Elton's tribute to a princess storms to Number One

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Elton John's tribute single to Diana, Princess of Wales, shot to the top of the charts after just one day on sale, it was revealed yesterday.

"Candle in the Wind 1997" went platinum after selling more than 600,000 copies in just a few hours yesterday, as shoppers frantically snapped up every CD and cassette they could find.

The remarkable scenes have made it the fastest-selling single of all time and have won it the coveted number one slot with record-breaking speed, pipping the Princess's friend George Michael's new release "You Have Been Loved".

Up to 1,000 staff came in for a special Sunday shift at Mercury Records' main pressing plant in Blackburn and other centres around the country yesterday, in a massive effort to get another million copies into the stores. Additional supplies of the single - recorded last Saturday immediately after its first public performance at Diana's Westminster Abbey funeral - should be in the shops by the time doors open today.

Fleets of lorries were making deliveries around the country yesterday, and Mercury expects to have all 1.5 million advance orders in the shops by tomorrow.

Robert Partridge, a spokesman for Mercury, said: "It has been an incredible few days and we have gone into completely uncharted territory. Around 1,000 people have been working on it. It's been a remarkable effort, which is still going on."

Initially, Mercury estimated that it would only be able to provide shops with 250,000 copies of the single on the release day, but calculations at the end of a hectic day showed that workers and distributors had vastly surpassed expectations.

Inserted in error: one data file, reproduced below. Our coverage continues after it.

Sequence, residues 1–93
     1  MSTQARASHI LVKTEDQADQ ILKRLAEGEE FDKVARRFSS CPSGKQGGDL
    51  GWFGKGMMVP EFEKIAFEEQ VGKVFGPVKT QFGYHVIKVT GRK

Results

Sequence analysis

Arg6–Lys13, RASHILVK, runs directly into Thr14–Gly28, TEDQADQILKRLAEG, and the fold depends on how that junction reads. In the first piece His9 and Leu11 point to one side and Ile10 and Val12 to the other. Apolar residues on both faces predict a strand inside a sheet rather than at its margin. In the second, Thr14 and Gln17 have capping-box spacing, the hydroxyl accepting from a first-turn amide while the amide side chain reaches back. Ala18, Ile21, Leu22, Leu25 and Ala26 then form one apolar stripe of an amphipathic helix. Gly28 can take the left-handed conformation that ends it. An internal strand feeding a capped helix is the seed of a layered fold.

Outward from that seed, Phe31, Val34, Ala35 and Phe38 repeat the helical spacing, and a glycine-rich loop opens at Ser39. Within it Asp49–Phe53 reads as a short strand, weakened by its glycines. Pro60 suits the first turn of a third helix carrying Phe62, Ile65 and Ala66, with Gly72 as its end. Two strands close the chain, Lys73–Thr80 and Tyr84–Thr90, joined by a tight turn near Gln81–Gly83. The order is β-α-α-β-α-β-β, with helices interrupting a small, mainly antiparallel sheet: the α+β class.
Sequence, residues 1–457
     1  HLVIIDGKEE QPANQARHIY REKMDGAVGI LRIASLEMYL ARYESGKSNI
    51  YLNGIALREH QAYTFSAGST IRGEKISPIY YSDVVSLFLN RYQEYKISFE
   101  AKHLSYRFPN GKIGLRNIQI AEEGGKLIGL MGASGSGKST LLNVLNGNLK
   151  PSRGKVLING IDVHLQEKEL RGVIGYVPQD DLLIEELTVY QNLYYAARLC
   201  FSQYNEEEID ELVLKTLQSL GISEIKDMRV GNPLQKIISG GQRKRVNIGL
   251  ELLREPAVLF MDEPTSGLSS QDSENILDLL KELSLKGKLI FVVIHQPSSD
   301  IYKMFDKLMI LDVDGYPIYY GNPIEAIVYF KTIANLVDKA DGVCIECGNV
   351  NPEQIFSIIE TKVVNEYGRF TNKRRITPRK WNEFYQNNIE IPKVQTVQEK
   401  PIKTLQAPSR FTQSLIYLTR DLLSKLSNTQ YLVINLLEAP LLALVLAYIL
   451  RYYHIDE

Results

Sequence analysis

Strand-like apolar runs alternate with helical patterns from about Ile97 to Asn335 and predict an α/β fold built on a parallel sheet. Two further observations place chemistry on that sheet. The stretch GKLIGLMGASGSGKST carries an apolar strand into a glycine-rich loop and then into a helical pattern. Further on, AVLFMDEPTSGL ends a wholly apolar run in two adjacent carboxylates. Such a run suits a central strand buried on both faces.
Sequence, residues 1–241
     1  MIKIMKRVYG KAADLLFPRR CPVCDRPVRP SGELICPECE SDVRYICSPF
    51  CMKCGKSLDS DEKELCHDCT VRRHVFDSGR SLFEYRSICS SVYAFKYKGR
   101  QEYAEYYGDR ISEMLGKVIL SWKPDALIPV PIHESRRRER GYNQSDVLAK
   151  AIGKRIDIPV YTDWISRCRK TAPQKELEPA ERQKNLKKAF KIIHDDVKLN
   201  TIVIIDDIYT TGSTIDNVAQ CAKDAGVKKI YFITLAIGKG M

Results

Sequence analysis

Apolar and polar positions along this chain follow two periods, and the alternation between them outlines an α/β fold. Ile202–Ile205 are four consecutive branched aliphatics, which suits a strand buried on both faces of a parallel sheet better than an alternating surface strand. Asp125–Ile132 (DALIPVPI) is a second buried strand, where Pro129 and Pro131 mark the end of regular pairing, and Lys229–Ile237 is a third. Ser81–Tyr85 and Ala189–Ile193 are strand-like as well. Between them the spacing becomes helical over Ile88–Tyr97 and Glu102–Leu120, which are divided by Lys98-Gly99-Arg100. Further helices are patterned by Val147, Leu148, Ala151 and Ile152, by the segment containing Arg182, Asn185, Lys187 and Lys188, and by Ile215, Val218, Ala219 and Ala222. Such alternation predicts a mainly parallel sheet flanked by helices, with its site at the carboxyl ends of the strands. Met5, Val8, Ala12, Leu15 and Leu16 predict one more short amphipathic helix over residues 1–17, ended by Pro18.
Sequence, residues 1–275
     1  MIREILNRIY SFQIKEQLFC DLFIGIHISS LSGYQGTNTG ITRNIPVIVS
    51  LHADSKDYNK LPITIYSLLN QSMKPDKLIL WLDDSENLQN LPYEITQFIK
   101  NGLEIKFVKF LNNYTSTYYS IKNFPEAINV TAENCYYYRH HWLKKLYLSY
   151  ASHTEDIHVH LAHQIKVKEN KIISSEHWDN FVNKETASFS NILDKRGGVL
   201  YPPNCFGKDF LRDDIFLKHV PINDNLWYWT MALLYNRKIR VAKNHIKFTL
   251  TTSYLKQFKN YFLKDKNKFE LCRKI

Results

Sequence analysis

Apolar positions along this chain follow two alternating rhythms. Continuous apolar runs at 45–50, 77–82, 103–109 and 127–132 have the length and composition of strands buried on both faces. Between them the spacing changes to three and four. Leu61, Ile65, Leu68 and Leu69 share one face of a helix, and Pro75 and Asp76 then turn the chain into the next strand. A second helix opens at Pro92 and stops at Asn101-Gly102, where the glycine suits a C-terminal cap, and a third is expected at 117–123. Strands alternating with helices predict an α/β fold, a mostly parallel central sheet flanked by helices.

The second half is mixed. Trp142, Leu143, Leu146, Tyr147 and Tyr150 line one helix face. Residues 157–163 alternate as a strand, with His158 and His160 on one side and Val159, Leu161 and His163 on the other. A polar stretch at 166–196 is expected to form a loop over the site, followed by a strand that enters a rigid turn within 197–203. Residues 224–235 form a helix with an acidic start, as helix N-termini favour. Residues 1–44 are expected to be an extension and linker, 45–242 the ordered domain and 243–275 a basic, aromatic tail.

The single - a rewritten version of Elton's Seventies tribute to Marilyn Monroe - looks set to become Britain's biggest hit, beating Band Aid's "Do They Know It's Christmas?", which sold 3.5 million.

It is expected to raise at least pounds 10m for the Diana, Princess of Wales, Memorial Fund and some music industry insiders have predicted it will stay at the top of the charts until Christmas.

Record stores do not yet know how many singles they will receive today, and there could be a repeat of Saturday's scenes, when shoppers rushed to snatch up all available copies. Hundreds of people queued for hours to be able to buy the pounds 3.99 disc on its release day, and rationing had to be introduced after some asked for as many as 100 copies at a time.

It seems almost certain that "Candle in the Wind 1997" has achieved Britain's record first-day sale for a single.

Band Aid's "Do They Know It's Christmas?" sold more than a million copies in its first 10 days in 1984, a figure which the Diana single looks set to smash.

The eagerly-awaited Oasis hit "D'You Know What I Mean?" took three days to sell 250,000 in July.

Most number one singles sell about 75,000 in the week they top the charts, though declining sales have meant some discs have claimed the slot with as few as 30,000 copies changing hands.